Personally I have never been a fan of crying publicly at work, for no other reason than the blatant refusal to let those who sparked the waterworks have the satisfaction of seeing the effect of their words or actions towards me.
And, secretly, I never wanted to be "that girl"; the one who cried whenever her emotions got the better of her.
That's not to say there weren't times I didn't disappear into the bathroom and howl into a bunch of paper towels or find a secluded corner while I momentarily transformed into a shuddering human snot cannon.
Like it or not, Western corporate culture in many industries still remains male-dominated and many women feel they are required to conduct themselves as a man would in order to succeed.
Which includes remaining reserved when it comes to any signs of 'feminine' emotions, displays of weakness and any other behaviour that may make others feel uncomfortable or awkward; the act of crying can be perceived as all three.
Should crying at work be something we embrace as a sign of our mere mortal existence or something that should be avoided like the plague if we're attempting to hike the corporate ladder?
Facebook chief operating officer Sheryl Sandberg has publicly admitted to having cried on Mark Zuckerberg's shoulder at work and believes that sharing emotions can build deeper relationships.
Sandberg attracted attention, empathy and criticism globally when she released her best-selling book Lean In: Women, Work and the Will to Lead, which openly discusses women's struggles in the male-dominated workplace and advises women to "lean in" to reach their true potential.
The 43-year-old, who has a personal fortune of $US500 million frankly confessed, “I cry at work! Women are not 'one type' of person Monday through Friday and then a different person in the nights and weekend.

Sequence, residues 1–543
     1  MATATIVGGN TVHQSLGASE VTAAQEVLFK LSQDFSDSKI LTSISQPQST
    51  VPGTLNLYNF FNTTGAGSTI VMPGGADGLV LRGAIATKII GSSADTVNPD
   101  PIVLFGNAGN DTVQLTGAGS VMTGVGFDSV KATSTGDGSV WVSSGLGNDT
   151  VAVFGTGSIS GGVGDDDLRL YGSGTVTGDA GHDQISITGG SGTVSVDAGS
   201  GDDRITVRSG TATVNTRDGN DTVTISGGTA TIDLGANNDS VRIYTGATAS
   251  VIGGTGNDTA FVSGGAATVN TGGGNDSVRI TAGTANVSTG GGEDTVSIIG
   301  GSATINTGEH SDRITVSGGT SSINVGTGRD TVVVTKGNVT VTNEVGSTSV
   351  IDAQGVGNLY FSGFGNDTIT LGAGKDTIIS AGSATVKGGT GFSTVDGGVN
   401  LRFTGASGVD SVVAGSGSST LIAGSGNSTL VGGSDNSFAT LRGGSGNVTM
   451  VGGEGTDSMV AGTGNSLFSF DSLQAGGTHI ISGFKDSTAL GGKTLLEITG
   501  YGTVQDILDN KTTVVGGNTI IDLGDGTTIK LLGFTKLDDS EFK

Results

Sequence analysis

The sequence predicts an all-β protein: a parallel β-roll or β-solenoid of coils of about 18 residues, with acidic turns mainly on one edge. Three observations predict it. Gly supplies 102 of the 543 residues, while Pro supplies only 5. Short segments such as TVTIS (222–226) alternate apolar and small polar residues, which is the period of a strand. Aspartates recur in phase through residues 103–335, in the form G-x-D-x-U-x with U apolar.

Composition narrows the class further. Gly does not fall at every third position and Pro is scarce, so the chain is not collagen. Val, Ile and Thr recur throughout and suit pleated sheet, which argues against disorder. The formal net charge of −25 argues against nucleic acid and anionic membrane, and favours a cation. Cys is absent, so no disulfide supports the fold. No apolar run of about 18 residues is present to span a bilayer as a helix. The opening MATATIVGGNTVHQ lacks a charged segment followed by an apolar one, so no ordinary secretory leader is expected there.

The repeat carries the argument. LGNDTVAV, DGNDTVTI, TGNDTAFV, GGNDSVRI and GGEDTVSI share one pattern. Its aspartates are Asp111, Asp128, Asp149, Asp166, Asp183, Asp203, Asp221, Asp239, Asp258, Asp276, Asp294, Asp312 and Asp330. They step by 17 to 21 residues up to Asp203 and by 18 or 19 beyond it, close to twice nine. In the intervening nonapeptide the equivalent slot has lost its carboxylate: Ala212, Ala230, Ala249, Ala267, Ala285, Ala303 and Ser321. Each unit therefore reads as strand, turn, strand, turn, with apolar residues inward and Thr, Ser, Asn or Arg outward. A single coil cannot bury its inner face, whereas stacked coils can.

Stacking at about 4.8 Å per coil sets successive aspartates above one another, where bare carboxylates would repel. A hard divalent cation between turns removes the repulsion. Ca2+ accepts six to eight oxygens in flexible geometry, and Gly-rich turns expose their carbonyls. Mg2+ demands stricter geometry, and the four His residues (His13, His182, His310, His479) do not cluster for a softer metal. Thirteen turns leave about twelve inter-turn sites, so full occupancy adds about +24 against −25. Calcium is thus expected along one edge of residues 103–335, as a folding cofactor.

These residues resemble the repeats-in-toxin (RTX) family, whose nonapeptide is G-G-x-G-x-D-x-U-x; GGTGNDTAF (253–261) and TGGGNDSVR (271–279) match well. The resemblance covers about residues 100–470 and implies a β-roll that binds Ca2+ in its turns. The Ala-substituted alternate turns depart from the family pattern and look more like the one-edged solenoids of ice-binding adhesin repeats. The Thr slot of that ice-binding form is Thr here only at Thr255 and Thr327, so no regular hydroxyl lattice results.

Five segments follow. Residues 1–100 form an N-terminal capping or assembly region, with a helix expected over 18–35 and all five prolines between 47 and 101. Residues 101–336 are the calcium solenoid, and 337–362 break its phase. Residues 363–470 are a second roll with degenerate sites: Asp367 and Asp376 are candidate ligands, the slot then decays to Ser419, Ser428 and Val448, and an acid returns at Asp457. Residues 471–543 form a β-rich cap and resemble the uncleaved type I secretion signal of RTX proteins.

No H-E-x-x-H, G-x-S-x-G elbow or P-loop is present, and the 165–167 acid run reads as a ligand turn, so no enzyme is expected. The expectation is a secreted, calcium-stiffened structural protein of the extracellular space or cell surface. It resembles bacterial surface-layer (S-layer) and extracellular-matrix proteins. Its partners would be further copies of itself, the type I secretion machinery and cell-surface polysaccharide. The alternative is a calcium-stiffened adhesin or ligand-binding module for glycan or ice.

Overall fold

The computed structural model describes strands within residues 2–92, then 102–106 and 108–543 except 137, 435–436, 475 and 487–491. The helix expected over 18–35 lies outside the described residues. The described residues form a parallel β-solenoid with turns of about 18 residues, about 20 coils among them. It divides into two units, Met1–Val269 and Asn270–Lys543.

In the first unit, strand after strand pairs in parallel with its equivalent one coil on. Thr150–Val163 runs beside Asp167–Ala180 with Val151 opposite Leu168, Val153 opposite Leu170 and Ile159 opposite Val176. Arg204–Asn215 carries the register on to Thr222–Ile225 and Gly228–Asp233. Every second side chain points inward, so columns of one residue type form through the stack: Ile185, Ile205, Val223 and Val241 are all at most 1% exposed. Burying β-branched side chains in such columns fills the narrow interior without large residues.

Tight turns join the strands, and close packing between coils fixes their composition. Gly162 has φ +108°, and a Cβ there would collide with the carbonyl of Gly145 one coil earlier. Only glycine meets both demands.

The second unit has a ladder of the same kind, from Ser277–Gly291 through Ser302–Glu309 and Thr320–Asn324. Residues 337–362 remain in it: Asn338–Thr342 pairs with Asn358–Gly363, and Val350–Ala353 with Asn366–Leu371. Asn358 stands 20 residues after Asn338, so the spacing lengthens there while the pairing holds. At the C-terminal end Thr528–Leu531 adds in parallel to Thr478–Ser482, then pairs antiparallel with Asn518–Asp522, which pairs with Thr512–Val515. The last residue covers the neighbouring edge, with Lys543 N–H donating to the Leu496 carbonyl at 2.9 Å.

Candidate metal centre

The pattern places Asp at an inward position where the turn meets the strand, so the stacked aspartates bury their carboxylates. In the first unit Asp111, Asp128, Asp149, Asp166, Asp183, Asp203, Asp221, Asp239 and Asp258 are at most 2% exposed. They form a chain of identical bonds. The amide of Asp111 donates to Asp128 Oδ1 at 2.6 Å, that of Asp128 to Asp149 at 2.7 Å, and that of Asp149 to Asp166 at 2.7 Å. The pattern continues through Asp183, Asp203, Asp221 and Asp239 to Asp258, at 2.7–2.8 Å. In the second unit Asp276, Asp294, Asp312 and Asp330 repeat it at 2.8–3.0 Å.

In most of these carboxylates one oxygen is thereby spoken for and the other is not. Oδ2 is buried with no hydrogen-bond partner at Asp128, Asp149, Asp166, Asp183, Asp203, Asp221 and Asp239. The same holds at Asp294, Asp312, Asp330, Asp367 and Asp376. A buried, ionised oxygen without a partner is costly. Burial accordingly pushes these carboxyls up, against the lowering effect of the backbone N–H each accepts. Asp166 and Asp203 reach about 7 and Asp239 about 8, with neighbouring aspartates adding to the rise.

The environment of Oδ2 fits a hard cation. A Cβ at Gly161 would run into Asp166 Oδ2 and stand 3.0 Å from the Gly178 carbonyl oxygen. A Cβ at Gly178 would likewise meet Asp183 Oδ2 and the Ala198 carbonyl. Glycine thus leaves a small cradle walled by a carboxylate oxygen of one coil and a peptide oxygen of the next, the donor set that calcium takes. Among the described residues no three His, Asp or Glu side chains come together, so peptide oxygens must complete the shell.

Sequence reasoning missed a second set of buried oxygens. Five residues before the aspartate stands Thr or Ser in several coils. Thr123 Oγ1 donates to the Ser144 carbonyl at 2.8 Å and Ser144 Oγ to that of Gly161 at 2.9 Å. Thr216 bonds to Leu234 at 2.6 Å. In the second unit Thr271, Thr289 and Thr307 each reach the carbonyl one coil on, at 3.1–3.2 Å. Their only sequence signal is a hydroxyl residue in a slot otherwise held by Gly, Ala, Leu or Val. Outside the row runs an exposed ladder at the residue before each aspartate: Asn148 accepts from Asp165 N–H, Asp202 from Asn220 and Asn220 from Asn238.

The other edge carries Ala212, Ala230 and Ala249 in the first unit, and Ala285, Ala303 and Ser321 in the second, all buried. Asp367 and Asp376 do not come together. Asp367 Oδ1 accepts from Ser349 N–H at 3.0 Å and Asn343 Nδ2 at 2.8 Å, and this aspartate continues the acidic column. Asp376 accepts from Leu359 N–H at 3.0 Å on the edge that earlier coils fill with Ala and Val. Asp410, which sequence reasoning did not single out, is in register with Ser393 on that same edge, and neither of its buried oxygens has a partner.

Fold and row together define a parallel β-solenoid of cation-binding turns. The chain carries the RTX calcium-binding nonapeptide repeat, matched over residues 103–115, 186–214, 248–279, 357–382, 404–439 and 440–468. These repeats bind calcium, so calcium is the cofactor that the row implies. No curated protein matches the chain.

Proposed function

“We are all emotional beings and it's OK for us to share that emotion at work. Emotions, after all, were developed as survival mechanisms; they're hardwired into our biology,” says Sandberg.
She advocates that, rather than spending time beating ourselves up for crying, we should accept the act as a part of what it means to be a human, an emotional being who doesn't shut off at 9am.
“When the clock starts. I agree: People tend to think that work life is different from real life when, in fact, life is life. What's more, we are working more and longer hours than ever before and the lines between the professional and the personal are increasingly blurred,” says Sandberg.
Research conducted by Anne Kreamer for her book It's Always Personal: Emotion in the New Workplace found that both men and women at all levels of management admitted to crying on the job. Around 40 per cent of women and 9 per cent of men confessed they had cried at work and it had no impact in terms of overall career success.
Perception also played an interesting part in Kreamer's findings - when we talk about crying at work, we mostly refer to women, but who is doing the perceiving?
In keeping with the notion that women are harsher on other women, both at work and in their personal lives, Kreamer discovered that male managers reported being OK with female employees crying, while female managers were far less empathetic.
Kreamer also highlights in her study the biological differences between the sexes, explaining that women have six times more prolactin - a hormone directly related to crying - than men.
As oestrogen is a key regulator of prolactin, levels of this hormone obviously increase in women during stages of their reproductive cycle when oestrogen levels are at their highest.
Peggy Drexler, author and psychologist, addresses the question: Can crying at work be a powerful tool, even for women, if employees learn to recognise that most emotion at work stems from frustration rather than pettiness or sadness?
Drexler believes that crying in an intimate setting can indeed be a positive tool to reinforce the bond and camaraderie between employees in an attempt to address a situation that's upsetting, as people tend to connect with what they view as an authentic display of emotion.
“Often crying invokes in co-workers and employees a natural empathy and a desire to help. Tears can also be persuasive, they show that we're deeply moved, which in turn moves our audience,” says Drexler.
Drexler also says that revealing a certain amount of emotion can lead to re-evaluation of a situation and initiate a productive conversation which, in turn, may help everyone work more efficiently and successfully.
There are however times when crying in the workplace isn't acceptable. “Tears are less effective and possibly damaging when they occur in large group settings or during interactions with, say, clients,” says Drexler.
Drexler also believes that crying shouldn't be used to get what you want or to purposefully manipulate because it's the only way you can handle criticism. “In such a situation, excuse yourself to use the bathroom or get a drink of water,” says Drexler.
- FFX Aus